RPi Memory Test

Raspberry Pi has an ARMv6 700 MHz single-core processor, a VideoCore IV GPU and 512MB of RAM. It uses an SD card for its operating system and data storage. The Raspberry Pi officially supports Raspbian, a lightweight linux OS based on Debian. A Raspberry Pi device has two processors: CPU (Central Processing Unit) and GPU (Graphics Processing Unit). You probably know that CPU is used for calculations and GPU is used graphical tasks, such as playing videos and games. The memory of your device is shared between these two processors. By default, 64MB of RAM is allocated for the GPU. If you use your Raspberry Pi for graphics-intensive work, you should increase the amount of RAM allocated to GPU to improve the performance. You can change the amount of memory available to the GPU in Raspberry Pi configuration file.


If you are not using graphics, you can decrease the amount of memory allocated for the GPU. This can be useful in situations when you are using your Raspberry Pi as a server and GUI is not needed.

If you experience memory contention in Raspberry Pi, you can use this test to find out whether the memory contention is caused due to insufficient memory allocation between CPU and GPU, since this test reveals the statistics related to the utilization of the main memory and GPU memory of the Raspberry Pi. Using the RPi Memory Test test, administrators may be proactively alerted to memory resource contention, if any.

Target of the test : A Raspberry Pi Device

Agent deploying the test : An external agent

Outputs of the test : One set of results for the Raspberry Pi device is being monitored.

Configurable parameters for the test
Parameter Description

Test period

How often should the test be executed


The IP address of the Raspberry Pi device that is being monitored.

Use Sudo

The eG agent runs native Linux commands to pull metrics from the Raspberry Pi system. By default, the eG agent does not require any special permissions to execute these commands. In some highly-secure Linux environments however, the eG agent install user may not have the permissions to execute these commands directly. To grant permission to eG agent install user for command execution, first, perform the following steps:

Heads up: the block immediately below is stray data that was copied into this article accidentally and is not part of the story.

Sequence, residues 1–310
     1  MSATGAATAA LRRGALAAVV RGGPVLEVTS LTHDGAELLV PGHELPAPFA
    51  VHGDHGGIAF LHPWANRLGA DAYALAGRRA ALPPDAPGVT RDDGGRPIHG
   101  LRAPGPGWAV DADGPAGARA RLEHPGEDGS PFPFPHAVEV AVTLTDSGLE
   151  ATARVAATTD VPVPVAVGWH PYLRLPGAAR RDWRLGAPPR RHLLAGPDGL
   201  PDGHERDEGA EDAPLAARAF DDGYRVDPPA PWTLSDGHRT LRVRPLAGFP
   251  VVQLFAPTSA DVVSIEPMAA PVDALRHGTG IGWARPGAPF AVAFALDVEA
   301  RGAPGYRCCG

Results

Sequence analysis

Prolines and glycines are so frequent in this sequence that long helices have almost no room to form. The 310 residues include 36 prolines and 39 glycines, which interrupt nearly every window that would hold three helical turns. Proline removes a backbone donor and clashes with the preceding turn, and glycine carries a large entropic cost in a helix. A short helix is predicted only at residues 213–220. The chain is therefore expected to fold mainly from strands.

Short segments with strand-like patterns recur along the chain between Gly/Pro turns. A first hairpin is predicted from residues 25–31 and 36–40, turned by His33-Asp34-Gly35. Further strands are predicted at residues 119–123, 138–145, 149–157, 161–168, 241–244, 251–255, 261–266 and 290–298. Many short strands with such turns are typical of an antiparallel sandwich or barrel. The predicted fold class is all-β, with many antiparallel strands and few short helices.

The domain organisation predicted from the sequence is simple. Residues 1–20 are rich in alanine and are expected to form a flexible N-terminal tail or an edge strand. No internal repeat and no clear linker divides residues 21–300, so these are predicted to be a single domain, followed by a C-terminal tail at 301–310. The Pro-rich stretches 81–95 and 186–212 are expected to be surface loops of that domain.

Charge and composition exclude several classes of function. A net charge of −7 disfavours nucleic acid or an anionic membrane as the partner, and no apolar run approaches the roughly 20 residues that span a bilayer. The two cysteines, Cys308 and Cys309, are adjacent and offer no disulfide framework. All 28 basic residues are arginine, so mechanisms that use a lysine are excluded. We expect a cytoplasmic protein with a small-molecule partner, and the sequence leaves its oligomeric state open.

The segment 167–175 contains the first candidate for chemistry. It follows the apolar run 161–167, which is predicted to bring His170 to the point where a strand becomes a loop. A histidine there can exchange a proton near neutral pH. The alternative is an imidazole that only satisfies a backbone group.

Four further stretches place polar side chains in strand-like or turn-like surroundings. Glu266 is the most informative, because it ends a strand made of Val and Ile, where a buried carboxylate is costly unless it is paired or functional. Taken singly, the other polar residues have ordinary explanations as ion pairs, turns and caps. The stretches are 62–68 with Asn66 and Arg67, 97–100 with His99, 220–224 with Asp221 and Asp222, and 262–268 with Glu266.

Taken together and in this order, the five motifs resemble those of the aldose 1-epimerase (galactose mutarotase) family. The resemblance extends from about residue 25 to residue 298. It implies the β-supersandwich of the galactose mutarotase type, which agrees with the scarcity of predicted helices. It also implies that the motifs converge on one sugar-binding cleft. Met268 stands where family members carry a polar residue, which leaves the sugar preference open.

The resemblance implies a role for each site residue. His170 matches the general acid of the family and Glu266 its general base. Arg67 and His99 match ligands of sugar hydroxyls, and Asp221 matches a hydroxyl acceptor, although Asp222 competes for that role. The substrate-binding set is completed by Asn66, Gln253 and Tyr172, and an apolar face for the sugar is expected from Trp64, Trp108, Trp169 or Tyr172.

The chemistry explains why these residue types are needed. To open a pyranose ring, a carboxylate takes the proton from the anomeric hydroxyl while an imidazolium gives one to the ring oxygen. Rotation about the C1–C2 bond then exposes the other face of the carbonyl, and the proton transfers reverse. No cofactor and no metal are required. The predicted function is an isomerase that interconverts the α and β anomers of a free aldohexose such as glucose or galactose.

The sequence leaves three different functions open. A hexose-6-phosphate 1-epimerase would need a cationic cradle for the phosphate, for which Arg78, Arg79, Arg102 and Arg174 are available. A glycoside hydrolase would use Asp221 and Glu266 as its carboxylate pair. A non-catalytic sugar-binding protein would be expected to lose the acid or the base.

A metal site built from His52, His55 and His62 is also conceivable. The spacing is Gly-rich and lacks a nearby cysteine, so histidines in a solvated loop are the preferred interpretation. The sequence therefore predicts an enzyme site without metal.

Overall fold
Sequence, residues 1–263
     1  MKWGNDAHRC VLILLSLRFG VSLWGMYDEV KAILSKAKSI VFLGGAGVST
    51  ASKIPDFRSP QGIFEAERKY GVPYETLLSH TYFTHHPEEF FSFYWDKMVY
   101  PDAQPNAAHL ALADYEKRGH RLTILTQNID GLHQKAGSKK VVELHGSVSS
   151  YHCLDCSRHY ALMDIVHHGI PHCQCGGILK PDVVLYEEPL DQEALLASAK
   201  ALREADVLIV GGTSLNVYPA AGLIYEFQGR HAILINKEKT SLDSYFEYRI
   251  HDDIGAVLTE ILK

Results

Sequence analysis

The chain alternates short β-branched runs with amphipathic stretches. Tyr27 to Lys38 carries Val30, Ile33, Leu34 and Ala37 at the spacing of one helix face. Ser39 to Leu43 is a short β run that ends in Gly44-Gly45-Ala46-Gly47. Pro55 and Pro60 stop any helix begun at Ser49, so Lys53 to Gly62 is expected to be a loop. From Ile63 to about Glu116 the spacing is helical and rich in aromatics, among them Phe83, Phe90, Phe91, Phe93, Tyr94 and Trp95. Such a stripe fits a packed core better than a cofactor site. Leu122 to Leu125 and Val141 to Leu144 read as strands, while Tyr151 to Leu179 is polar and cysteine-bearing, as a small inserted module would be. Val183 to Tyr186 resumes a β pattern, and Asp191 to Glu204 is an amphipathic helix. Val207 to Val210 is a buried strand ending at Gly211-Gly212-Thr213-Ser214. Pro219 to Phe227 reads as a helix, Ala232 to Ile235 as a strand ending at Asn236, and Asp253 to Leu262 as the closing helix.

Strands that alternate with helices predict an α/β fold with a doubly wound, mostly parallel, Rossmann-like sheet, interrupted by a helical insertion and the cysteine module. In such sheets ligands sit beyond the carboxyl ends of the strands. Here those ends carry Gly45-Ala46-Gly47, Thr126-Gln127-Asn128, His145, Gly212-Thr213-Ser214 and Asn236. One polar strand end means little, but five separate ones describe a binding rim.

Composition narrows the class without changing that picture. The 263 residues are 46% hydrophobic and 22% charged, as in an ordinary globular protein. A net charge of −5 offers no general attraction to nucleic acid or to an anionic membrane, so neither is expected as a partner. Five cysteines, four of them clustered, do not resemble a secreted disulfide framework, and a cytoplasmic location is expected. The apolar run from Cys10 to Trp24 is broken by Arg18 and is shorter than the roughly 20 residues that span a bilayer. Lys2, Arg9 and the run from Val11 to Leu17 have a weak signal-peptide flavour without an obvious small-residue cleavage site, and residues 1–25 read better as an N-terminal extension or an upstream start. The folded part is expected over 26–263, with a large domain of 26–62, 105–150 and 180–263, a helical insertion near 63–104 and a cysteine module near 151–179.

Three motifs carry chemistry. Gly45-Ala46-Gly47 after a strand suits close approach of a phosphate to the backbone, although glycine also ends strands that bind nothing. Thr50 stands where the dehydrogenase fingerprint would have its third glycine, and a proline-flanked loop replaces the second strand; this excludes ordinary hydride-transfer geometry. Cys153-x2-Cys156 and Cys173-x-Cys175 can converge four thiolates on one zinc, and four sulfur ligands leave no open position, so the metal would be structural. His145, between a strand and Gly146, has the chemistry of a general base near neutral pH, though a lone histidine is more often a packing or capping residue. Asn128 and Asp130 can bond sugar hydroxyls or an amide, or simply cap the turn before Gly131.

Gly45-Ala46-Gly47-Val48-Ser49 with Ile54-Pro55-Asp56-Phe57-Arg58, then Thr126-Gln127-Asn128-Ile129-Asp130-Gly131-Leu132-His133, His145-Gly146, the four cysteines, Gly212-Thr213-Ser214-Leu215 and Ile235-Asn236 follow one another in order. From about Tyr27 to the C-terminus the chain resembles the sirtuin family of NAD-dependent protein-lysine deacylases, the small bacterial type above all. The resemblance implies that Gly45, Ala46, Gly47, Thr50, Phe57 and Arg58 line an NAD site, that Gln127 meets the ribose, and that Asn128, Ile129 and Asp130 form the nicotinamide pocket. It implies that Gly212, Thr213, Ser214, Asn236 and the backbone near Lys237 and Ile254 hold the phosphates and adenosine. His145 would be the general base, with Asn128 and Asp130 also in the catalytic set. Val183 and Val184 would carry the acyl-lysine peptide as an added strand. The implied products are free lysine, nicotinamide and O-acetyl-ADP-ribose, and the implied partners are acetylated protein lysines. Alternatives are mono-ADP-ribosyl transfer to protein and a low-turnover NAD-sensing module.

• Edit the SUDOERS file on the target host and append an entry of the following format to it:

    <eG_agent_install_user> ALL=(ALL) NOPASSWD

  • For instance, if the eG agent install user is eguser, then the entry in the SUDOERS file should be:

    eguser ALL=(ALL) NOPASSWD

  • Finally, save the file.

Then, when configuring this test using the eG admin interface, set the USE SUDO parameter to Yes. This will enable the eG agent to execute the Linux commands and retrieve the metrics.

Sudo Path

This parameter is relevant only when the USE SUDO parameter is set to ‘Yes’. By default, the SUDO PATH is set to none. This implies that the sudo command is in its default location – i.e., in the /usr/bin or /usr/sbin folder of the target host. In this case, once the Use Sudo flag is set to Yes, the eG agent automatically runs the sudo command from its default location. However, if the sudo command is available in a different location in your environment, you will have to explicitly specify the full path to the sudo command in the Sudo Path text box.

Measurements made by the test
Measurement Description Measurement Unit Interpretation


Indicates the amount of memory split between the CPU and GPU of this device.


To achieve the best results with your Raspberry Pi, try to go with optimum split of CPU and GPU memory based upon your Raspberry Pi version.